The study focused on people who sought medical care for symptoms of Covid, so if that population was skewed toward older adults or those who have weak immune systems, the booster shots may have seemed less effective than they really are.
Other studies have shown that while vaccines may lose some ability to prevent severe illness and hospitalization in adults older than 65, they remain highly protective in younger adults in good health. Federal health officials will need to know who exactly is at high risk even after three doses before considering recommending a fourth shot.
“There may be the need for yet again another boost — in this case, a fourth-dose boost for an individual receiving the mRNA — that could be based on age, as well as underlying conditions,” Dr. Anthony S. Fauci, the Biden administration’s top Covid adviser, told reporters on Wednesday.
The C.D.C. has previously published data showing that second and third doses of the Moderna and Pfizer-BioNTech vaccines were less effective at fending off the Omicron variant than the Delta variant. Third doses enhanced that protection, at least in the short term.
And this from WSJ just this weekend (“FDA Eyes Second Covid-19 Booster Shot“):
U.S. health regulators are looking at potentially authorizing a fourth dose of a Covid-19 vaccine in the fall, according to people familiar with the matter.
The planning is still in early stages, and authorization would depend on ongoing studies establishing that a fourth dose would shore up people’s molecular defenses that waned after their first booster and reduce their risk of symptomatic and severe disease, the people said.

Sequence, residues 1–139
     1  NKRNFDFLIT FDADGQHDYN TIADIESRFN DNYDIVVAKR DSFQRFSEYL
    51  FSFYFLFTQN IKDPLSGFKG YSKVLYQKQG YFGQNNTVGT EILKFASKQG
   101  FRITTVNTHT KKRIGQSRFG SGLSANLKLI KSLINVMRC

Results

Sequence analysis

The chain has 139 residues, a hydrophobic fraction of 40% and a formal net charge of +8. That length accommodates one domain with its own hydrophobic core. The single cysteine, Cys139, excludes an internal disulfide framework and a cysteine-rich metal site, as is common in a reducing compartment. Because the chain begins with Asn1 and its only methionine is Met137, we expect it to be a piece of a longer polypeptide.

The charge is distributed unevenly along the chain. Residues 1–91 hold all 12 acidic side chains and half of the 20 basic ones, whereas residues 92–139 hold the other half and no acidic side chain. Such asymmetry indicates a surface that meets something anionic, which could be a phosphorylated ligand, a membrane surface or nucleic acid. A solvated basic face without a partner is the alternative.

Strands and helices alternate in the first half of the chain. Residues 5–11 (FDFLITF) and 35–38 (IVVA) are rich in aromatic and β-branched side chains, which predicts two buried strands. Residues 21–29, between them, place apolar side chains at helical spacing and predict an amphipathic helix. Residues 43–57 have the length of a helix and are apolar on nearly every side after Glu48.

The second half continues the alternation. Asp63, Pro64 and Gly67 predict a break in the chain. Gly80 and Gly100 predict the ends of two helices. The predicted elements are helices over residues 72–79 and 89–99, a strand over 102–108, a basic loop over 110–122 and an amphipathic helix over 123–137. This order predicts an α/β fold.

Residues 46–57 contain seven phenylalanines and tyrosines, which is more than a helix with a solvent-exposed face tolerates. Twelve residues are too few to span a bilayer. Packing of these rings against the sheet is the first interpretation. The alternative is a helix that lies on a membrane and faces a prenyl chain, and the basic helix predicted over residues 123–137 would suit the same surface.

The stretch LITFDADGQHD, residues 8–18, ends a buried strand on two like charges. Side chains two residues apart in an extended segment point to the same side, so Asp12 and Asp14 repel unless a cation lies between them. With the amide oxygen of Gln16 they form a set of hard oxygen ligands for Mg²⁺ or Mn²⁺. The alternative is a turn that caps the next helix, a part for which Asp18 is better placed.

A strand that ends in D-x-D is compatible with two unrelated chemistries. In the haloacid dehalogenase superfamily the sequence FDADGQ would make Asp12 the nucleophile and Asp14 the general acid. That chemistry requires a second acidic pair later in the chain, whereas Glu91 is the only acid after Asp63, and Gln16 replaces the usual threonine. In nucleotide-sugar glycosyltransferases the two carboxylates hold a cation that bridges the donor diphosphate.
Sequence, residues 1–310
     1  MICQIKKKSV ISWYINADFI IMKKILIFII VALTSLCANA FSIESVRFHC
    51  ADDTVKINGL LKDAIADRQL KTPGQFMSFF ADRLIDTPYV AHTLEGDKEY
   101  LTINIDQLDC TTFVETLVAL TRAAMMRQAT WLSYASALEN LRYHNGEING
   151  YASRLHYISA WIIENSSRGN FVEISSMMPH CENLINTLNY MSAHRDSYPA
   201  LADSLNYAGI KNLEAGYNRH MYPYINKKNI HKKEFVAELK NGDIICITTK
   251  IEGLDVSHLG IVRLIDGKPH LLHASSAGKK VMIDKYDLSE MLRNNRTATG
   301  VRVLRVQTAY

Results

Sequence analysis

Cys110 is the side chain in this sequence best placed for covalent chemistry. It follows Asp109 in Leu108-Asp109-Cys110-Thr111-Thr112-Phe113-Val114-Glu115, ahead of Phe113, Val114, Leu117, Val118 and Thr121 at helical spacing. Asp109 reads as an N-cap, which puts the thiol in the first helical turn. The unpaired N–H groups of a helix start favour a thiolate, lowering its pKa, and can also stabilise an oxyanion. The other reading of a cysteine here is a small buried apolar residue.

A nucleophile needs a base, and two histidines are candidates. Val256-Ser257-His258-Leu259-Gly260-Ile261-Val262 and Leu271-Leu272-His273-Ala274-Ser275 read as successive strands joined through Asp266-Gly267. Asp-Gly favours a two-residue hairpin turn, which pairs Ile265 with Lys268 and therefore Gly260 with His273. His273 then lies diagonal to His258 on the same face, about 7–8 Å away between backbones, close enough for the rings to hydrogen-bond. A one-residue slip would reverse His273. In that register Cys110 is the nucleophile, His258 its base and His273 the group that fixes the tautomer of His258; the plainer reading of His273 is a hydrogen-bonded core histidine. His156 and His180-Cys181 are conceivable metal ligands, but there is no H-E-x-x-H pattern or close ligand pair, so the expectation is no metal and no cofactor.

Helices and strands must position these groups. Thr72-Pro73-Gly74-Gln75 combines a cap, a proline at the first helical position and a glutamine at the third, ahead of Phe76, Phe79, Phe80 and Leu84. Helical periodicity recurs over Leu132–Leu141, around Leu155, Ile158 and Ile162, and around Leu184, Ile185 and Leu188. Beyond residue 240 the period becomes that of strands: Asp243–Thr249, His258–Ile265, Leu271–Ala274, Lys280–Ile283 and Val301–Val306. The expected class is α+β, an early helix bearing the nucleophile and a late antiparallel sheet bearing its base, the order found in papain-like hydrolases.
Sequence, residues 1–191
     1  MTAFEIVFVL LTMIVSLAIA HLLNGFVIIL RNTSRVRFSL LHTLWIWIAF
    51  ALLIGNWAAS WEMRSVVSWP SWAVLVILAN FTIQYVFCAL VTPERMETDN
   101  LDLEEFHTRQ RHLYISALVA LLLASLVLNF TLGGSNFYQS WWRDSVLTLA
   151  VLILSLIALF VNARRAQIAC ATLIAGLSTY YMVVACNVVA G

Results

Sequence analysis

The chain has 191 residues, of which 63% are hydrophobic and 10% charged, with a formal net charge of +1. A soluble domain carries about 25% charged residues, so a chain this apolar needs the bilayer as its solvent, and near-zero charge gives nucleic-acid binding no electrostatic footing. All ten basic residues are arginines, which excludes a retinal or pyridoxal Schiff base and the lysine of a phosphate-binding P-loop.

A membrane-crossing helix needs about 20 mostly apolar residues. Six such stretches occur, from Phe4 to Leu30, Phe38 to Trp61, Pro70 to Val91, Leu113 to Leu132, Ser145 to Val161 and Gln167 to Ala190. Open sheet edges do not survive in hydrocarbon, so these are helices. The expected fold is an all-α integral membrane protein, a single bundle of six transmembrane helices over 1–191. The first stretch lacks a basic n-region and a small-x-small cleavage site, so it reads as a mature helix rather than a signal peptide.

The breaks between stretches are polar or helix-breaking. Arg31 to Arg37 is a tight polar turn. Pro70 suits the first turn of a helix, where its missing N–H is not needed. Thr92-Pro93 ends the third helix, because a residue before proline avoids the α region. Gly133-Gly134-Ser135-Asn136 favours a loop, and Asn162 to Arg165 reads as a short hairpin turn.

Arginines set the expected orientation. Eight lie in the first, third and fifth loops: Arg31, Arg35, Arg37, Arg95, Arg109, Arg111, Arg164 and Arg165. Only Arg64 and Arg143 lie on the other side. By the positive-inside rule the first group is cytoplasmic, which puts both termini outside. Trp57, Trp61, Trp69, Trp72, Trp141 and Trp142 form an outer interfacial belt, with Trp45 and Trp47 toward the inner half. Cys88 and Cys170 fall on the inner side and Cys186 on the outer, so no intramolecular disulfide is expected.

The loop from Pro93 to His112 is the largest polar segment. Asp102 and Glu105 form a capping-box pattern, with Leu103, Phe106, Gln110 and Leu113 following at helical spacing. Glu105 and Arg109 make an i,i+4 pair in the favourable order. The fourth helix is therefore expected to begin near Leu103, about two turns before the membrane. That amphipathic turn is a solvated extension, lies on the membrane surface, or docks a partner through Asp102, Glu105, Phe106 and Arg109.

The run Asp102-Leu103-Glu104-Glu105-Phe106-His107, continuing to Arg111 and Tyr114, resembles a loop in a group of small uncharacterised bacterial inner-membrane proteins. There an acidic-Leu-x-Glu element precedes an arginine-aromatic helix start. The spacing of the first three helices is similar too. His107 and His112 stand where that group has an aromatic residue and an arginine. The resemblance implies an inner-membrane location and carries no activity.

The Food and Drug Administration, however, has begun reviewing data so it can make a decision, the people said.
The thinking among regulators is that the agency would look at authorizing a second booster dose of the messenger RNA vaccines from Pfizer Inc. and partner BioNTech SE and from Moderna Inc., one of the people said.
Among the issues that need to be resolved, the person said, are whether the second booster should be authorized for all adults or particular age groups, and whether it should target the Omicron variant or be formulated differently. Whether the fourth booster could ultimately be the start of an annual Covid-19 vaccination is also under consideration.
No decision is final, and it could be necessary to make booster shots available earlier if a dangerous, elusive variant appears, the person said.
Offering a second booster dose, one of the people said, may make sense in the fall because many people get their annual flu shots then and so might be more receptive to getting vaccinations.
Potential obstacles to the effort are that many people are fatigued with vaccinations after getting initial doses and that others are hesitant to get the shots.
I would frankly be surprised if annual boosters didn’t become the norm—especially for elderly and other high-risk individuals. And, yes, it probably makes sense to pair it with the flu vaccine to develop the habit. (Although, ironically, both myself and my 13-year-old got our flu shots, which we do sporadically, only because we were getting our booster, anyway, so I opted us in for both at the same time.)